I want to illustrate this by looking very briefly at the story of one particular saint whose name was Aidan, but I’m going to need some help. Could I have a volunteer to come up to the front here.
The story of St. Aidan.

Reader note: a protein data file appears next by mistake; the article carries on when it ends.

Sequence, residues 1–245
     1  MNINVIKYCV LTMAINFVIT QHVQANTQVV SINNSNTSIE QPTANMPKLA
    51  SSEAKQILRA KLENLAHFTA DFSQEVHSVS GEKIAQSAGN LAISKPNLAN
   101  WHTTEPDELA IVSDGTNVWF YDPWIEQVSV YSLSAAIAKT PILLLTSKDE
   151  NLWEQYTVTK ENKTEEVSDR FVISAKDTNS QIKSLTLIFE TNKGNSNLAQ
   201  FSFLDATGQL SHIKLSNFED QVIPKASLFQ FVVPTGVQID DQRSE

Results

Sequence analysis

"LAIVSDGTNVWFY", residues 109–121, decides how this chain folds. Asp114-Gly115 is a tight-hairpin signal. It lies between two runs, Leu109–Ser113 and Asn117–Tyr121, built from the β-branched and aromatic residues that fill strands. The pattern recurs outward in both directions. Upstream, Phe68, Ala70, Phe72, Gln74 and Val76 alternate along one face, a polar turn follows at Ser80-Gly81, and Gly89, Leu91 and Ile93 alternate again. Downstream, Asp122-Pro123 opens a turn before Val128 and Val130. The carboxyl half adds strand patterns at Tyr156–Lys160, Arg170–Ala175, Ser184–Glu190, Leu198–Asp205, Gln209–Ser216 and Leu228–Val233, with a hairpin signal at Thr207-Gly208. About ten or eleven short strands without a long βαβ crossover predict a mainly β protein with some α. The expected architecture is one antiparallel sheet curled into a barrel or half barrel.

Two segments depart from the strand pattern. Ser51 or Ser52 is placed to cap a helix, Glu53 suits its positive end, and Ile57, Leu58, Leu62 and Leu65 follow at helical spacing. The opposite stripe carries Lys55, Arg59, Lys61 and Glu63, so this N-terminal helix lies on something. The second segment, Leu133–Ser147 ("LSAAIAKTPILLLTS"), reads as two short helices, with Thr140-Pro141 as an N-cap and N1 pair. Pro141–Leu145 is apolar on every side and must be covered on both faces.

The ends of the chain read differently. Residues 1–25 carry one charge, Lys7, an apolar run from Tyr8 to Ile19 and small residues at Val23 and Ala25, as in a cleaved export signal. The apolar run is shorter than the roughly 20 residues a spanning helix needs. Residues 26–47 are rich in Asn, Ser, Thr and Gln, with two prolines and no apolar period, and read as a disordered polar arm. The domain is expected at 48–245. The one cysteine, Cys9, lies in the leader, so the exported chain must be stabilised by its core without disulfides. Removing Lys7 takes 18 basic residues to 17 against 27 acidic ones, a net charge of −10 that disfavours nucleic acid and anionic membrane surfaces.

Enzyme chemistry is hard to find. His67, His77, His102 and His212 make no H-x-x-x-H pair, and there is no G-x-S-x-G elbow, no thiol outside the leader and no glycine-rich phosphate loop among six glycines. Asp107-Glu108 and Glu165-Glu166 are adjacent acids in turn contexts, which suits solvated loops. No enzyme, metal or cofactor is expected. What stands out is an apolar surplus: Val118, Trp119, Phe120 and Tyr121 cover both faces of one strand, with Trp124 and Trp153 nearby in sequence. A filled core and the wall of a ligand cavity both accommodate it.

Many years ago there was a man by the name of Oswald. He was the king of a place called Northumbria, and Northumbria was a land filled with people who didn’t know God and who worshiped and believed in other things. Now Oswald was a Christian, he believed in God and he wanted his people to be Christian and follow God as well. So he sent for a priest from the island of Iona, which at that time was the centre for Celtic Christianity and had been founded by another great saint by the name of Columba. Well, the man who came was not very good at his job, and he failed to convert any of King Oswalds people to Christianity, and he soon returned to the isle of Iona saying that the Northumbrians were a rude and barbaric people, and it was impossible to turn them to a more gentle way of life. But king Oswald wasn’t going to give up and he asked for someone else to be sent to minister to his people. So a second priest was sent, and his name was Aidan. Aidan was a wise and holy man with a very different approach to the first guy. King Oswald was delighted with Aidan and gave him the island of Lindisfarne to be his headquarters. Aidan had great succes in converting the people of the land to Christianity. He was well known for giving all that he had to the poor. Aidan lived a life that showed the world the idea of love; the love of God, and love for one’s neighbour. King Oswald died and another king called Oswin took his place. He too was impressed with Aidan and one day Oswin gave Aidan a horse to help him in his travels about the countryside, preaching to the people. As he was journeying one day, Aidan met a beggar who asked him for some money. Seeing the poor man, Aidan was filled with compassion, and immediately gave him his horse with all its royal finery. The king, when he heard about this, was very angry with Aidan, and rebuked him saying, “Have we not many other animals in the stables, suitable for a beggar, without giving him the one I had especially selected for you?” Aidan replied, “Is this foal of a mare more valuable than the son of God?” The king was deeply moved and told Aidan that in future he could give away whatever he wished to the children of God.